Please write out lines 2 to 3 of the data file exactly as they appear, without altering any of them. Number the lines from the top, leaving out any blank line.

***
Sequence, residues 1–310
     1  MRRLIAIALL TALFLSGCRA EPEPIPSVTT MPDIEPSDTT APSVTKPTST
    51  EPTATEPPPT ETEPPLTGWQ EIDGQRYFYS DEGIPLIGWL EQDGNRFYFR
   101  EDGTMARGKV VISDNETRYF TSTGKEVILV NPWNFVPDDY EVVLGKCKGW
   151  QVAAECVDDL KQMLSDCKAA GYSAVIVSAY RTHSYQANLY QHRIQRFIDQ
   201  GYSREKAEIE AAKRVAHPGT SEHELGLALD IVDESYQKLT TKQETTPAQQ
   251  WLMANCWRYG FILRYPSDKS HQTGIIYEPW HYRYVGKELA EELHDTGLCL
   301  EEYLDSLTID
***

     1  MRRLIAIALL TALFLSGCRA EPEPIPSVTT MPDIEPSDTT APSVTKPTST
    51  EPTATEPPPT ETEPPLTGWQ EIDGQRYFYS DEGIPLIGWL EQDGNRFYFR